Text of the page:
“Once a father, always a father”. I read that in a book. Well, actually I read “once a mother, always a mother”, but I am translating it in the interests of gender-equality. If women can assert their equality in the work-place, then men should be allowed to assert their equality in the parent-place.
In fact, as an apparently “successful” career-person, the much more overwhelming “success” of my life has been the joy and privilege of being allowed to be the father of my three lovely children. (If they are reading this, my two sons may cringe at this word, but, hey, I’m talking about your insides as well as your outsides).
I am, once, twice, three times a father (if you know it, fill in the next line of the song). All three are now grown up, and two of them appear to have left home and live in Yorkshire – for reasons best known to themselves. The third lives at home, which is more than I do, as I work 3-4 days per week in Europe.
So its all much more long-distance, occasional and hands-off than it was when they were 2, 4, and 6. In those days, my role as a dad was full-on from the second I walked in the door from work, to the moment the last child fell asleep – or when I nodded off half way through a Mr Man book, snuggled up in one of their beds.
In those days, the fatherly role seemed pretty clear. I was self-appointed Head of Humour, Chief Games Officer and Director of Construction. Their mother – my wife – was Chief Organiser, Head Chef and Director of Logistics. Our relationship with our children was tactile, energetic/tiring, often messy and mostly joyous.
Of course we had our moments of frustration, stress and distress. Our children had their share of accidents and disappointments, and we mislaid one or two of them in public a couple of times. But my abiding memory is of fun and laughter – crazy bedtime games, building massive k’nex structures and complex brio railway layouts – and those precious hugs, cuddles and beat-ups (before you call social services, it was mainly them attacking me)
The days as a father of young children were – if I am honest – the most enjoyable days of my life. If that is where you are now – enjoy them and (you know who you are) spend less time at work.
But then – because we kept feeding them – they grew up. Dad was now the one who played cricket in the garden, taught DIY skills and initiated exciting international holidays. I took them camping, to football matches and on trips to foreign cities. By now I was attempting to be some sort of Educator – trying to teach them about the world – how to live in it, understand it, explore it and enjoy it. And I tried, as best as I could, to be an Example of a decent human being.
The problem is – if you encourage your children to be resourceful, independent and to think for themselves – there is a real danger you will succeed. Now, they seem to know more than we do and can live perfectly well without us. They are determinedly independent and rarely need to ask for advice.
I think I know much more about life, the world and people than I did when I was their age. But at their age, I really only asked my father for advice about fixing my car. So now it is more about me asking them for advice – particularly about fixing technology or buying cars.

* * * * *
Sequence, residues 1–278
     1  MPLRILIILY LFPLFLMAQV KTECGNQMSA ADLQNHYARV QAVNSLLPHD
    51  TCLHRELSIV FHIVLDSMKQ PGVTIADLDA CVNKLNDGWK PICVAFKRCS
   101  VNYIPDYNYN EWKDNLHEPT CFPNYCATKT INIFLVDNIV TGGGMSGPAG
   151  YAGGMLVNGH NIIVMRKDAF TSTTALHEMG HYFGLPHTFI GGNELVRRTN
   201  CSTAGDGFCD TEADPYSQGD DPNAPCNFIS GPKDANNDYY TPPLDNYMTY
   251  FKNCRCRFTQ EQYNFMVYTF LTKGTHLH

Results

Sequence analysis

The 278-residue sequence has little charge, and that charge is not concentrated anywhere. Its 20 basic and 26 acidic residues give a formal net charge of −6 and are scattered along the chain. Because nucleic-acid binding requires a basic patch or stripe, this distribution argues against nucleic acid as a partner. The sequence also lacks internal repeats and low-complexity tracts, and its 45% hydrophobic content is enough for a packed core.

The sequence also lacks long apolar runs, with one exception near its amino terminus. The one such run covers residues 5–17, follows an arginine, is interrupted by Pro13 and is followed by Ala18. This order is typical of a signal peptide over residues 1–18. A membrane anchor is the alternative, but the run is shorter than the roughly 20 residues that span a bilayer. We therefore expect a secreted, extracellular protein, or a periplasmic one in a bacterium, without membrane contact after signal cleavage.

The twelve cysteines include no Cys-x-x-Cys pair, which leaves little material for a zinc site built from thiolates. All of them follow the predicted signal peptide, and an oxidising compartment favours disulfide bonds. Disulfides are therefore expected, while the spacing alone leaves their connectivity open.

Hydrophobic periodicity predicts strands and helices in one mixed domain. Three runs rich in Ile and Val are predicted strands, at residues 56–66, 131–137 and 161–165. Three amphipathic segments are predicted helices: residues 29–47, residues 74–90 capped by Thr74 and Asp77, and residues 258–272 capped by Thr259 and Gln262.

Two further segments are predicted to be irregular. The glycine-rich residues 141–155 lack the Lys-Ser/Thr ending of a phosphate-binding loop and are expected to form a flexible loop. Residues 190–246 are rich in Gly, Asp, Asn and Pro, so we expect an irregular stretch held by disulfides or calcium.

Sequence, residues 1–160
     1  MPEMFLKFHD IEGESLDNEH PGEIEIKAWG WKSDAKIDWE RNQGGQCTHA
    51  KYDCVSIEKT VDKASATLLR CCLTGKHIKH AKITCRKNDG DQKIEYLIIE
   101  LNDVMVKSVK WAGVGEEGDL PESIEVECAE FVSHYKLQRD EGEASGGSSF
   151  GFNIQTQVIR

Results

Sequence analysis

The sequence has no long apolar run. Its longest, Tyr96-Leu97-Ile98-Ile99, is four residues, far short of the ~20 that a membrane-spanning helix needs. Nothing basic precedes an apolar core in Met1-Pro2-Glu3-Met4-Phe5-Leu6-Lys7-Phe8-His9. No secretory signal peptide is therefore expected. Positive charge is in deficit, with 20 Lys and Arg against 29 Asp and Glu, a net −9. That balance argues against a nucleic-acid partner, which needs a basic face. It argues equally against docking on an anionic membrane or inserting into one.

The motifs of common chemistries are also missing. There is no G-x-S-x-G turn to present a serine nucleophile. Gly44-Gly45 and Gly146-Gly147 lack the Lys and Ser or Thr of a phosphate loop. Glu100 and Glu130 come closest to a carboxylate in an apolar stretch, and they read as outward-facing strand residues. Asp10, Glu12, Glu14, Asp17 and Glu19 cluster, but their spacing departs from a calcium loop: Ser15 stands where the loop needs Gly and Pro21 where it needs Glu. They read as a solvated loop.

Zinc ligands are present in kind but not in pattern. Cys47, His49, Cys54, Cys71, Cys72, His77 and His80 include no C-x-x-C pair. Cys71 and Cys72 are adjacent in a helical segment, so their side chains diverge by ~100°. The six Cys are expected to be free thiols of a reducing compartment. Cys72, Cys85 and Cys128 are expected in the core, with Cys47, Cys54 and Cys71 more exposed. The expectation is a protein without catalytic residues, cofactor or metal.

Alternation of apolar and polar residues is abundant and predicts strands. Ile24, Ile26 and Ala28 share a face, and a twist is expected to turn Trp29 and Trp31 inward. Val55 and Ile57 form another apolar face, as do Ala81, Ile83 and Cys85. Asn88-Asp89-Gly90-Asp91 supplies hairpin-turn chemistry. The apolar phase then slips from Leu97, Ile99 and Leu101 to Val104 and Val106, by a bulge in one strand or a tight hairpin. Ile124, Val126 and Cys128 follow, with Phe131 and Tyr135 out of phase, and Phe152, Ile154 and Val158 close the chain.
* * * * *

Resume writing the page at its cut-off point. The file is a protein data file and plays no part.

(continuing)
My work here, as they say – as a father – seems to be done.
But the relationship abides. Once a father, always a father.
The love of a father for his children simply remains unchanged and unchangeable. If you are a parent you may just recognise this and we can’t do much about it, even if we wanted to.
I don’t think about my children all of the time. I probably think about them much less than I used to. I assume wherever they are that they are safe and broadly happy. I prefer to be pleased for them than proud of them. Pleased, that they have achieved things they wanted to achieve. Sanguine about the fact that they have also failed at some things, as we all do. But what is more important is that they are happy and secure in themselves, comfortable in their own skin, that they have some good friends and are on a journey to be fulfilled in themselves and to contribute something unique to the world.
I watch my children’s lives now more at a distance. They go about their daily work and lives as I do, and we rarely interact.
But when we do, I delight in those interactions – whether it is a conversation, a facebook posting, a card or just a look or a smile. I treasure them the more for their infrequency. There is an unbroken and unspoken love which has been there since the day of their birth, and will remain until, well, you know when (and, hey, probably after that anyway).
Sometimes it surprises me. I can be watching or talking with one of them, and an almost painful feeling of love ambushes some part of my digestive system. Hopefully they don’t notice.
So what is my role as a father now? Did I retire or get made redundant?
I don’t think so. As our children grow up , our interactions become more adult and more equal. The relationships become less dependent and more interdependent. And as we grow old ourselves, the dependency may reverse (although they have always promised to put me in a home when that happens). But for now we are similar-sized friends as much as family.
However, whilst they are no longer children, they will always be my children. And I will always be their dad. I will always be here for them. Always loving them. Always ready to feed them, rescue them, support them, treat them, advise them, listen to them, laugh with them. Its all a bit non-negotiable. That part of the job will never change.